Socialist Worker

Vile queen’s speech sets out Tories’ vicious agenda

by Isabel Ringrose
Issue No. 2754

The Queens speech informs us of further attacks on migrants, refugees and the right to protest.

The Queen's speech informs us of further attacks on migrants, refugees and the right to protest. (Pic: Public Domain)


The Queen’s Speech read in parliament on Tuesday unveiled the Tories’ plans for future attacks.

They include further repression, targeting migrants and asylum seekers, and building legal ­support for military killers.

They also include the Police, Crime, Sentencing and Courts Bill that has been the centre of the recent Kill the Bill protests.

The speech lists what the ­government plans to make law in the coming year.

It included a host of bills—including some from the current parliamentary session that the Tories want to carry over.

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This year the pomp and ceremony was toned down as the plans were read to a House of Lords constricted by Covid-19.

Boris Johnson claimed, “We will go further to unite and level up the country, fight crime and create opportunities up and down the country for businesses and families to build brighter futures.” In ­reality this means further ­crackdowns, ­scapegoating and divisions.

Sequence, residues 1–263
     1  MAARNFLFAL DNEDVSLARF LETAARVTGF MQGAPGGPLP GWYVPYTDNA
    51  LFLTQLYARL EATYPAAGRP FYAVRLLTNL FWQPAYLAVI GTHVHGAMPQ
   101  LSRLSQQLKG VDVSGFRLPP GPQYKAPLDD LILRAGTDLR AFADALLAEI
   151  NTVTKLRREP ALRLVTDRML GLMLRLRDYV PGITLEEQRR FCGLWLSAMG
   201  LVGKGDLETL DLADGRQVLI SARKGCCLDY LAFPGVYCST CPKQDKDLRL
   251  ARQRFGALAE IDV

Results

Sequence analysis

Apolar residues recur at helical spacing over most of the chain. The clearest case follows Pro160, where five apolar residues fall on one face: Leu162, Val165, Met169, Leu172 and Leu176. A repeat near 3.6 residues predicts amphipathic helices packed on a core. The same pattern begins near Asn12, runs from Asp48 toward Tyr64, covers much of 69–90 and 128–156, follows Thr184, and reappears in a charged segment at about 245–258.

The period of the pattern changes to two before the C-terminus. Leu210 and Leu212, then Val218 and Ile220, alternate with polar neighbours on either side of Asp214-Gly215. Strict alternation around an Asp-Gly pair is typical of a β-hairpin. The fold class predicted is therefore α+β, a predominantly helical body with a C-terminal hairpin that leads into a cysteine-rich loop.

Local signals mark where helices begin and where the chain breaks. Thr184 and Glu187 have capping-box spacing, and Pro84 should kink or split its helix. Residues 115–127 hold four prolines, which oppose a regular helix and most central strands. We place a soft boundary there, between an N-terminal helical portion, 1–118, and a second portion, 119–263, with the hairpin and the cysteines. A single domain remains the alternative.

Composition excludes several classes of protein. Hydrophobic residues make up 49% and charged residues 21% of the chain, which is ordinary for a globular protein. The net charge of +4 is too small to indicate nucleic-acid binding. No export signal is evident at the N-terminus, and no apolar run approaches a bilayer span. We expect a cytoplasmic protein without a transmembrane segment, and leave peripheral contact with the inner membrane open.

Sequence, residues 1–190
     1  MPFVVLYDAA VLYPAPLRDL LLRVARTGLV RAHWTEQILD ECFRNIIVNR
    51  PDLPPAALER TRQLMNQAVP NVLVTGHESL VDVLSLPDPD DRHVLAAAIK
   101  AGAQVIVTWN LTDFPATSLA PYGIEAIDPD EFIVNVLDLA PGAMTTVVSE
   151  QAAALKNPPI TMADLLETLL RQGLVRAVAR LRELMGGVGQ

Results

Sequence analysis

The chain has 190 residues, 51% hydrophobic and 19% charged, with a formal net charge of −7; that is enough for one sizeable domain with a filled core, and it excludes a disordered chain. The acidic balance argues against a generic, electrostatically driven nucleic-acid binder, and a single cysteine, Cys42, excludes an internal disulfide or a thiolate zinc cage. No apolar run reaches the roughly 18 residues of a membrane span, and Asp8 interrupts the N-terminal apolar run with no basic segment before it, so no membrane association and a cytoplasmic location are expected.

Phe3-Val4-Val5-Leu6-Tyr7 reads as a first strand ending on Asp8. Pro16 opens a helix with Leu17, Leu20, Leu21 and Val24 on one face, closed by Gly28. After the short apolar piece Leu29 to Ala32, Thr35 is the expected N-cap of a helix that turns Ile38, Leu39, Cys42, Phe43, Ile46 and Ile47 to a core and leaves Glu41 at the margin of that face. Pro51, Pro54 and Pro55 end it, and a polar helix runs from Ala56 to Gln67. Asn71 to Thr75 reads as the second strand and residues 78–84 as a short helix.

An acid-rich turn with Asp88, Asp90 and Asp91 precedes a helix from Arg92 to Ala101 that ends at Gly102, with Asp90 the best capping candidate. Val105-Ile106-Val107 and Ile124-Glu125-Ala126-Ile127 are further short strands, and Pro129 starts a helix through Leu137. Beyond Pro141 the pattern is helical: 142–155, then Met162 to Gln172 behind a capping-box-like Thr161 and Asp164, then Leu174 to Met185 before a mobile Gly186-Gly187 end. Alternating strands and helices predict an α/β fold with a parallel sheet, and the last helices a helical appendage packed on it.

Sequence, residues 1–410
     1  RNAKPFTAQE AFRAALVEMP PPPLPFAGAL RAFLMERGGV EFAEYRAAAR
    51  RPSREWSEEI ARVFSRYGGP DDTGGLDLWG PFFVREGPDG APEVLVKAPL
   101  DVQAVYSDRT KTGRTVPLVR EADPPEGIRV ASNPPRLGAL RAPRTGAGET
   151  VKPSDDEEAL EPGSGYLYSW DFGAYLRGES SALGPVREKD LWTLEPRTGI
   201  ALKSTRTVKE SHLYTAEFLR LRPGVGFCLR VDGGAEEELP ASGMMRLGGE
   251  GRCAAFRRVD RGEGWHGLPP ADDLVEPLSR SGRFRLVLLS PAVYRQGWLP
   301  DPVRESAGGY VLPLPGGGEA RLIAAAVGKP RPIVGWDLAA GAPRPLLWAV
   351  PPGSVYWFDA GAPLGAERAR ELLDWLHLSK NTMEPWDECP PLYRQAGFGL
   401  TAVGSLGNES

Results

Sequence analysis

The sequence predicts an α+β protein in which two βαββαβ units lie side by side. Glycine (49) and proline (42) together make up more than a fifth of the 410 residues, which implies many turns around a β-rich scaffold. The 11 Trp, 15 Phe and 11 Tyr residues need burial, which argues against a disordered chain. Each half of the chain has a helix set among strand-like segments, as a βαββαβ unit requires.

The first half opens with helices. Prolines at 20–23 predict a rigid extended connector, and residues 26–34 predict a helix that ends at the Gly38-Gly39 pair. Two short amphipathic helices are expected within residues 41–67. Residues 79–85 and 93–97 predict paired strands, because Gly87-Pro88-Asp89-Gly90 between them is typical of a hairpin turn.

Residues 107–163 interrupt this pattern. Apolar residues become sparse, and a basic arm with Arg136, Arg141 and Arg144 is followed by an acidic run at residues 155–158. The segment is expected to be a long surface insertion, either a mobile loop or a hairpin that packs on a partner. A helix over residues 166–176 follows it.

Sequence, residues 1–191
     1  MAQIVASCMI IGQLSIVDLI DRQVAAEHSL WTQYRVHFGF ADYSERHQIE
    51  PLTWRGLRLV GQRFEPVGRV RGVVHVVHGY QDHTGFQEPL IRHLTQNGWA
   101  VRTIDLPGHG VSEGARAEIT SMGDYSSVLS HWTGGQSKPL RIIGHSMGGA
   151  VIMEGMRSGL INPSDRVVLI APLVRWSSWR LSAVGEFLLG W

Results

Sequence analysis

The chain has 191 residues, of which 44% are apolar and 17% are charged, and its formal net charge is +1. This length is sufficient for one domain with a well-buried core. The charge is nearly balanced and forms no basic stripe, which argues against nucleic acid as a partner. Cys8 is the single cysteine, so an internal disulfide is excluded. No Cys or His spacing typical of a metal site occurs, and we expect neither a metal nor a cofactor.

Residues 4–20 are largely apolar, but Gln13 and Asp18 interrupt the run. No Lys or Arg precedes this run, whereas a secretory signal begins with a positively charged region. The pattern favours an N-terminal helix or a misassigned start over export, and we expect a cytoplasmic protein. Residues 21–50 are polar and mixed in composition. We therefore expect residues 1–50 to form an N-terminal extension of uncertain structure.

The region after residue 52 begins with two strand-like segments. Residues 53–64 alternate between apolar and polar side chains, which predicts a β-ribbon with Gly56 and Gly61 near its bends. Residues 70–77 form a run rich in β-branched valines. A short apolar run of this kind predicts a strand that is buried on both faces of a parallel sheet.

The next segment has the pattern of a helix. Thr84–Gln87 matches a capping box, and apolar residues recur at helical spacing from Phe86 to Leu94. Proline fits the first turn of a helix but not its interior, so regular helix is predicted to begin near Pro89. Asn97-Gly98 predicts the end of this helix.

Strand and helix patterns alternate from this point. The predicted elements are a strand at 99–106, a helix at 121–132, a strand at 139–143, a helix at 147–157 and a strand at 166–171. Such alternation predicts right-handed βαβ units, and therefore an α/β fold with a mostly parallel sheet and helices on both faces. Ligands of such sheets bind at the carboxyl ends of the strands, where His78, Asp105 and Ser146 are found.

Application

The Tories are set to demolish the rights of refugees they deem to be “illegal”.

Home secretary Priti Patel’s ­immigration proposals will ­“overhaul” Britain’s asylum system.

How a refugee enters the country will determine the success of their application. Refugees who cross the Channel or travel through a “safe country” will be removed.

It means more racist and ­murderous laws.

The speech outlined bills that are meant to to flesh out the Tories’ “levelling up” agenda.

They included one to create eight new freeports with fewer resrictions on business. National security laws will be introduced to make it easier for the state to prosecute alleged Isis supporters returning to Britain. And prison sentences for terror offences will also be made longer.

These won’t be used on far right extremists, but to scapegoat Muslims.

Democracy will take another hit as photo identification will be required for voters in general elections.

The speech will mention plans to restrict prosecutions of British soldiers who committed crimes in Northern Ireland during the Troubles.

Legislation has already passed to protect war criminals, and this will now be extended to veteran criminals who fought in Northern Ireland.

It seeks to create a permanent legal basis to prevent the sort of investigations that took place after killings in Iraq and Afghanistan as well as those in Ireland.

The police bill is expected to return to the House of Commons on 18 May for the first committee stage hearing.

This is where MPs will examine the bill and can propose amendments.

Further hearings will go on until 24 June when it will return to the full House of Commons for voting.

The bill needs to be opposed in its entirety, and that means stepping up the protests in the streets.


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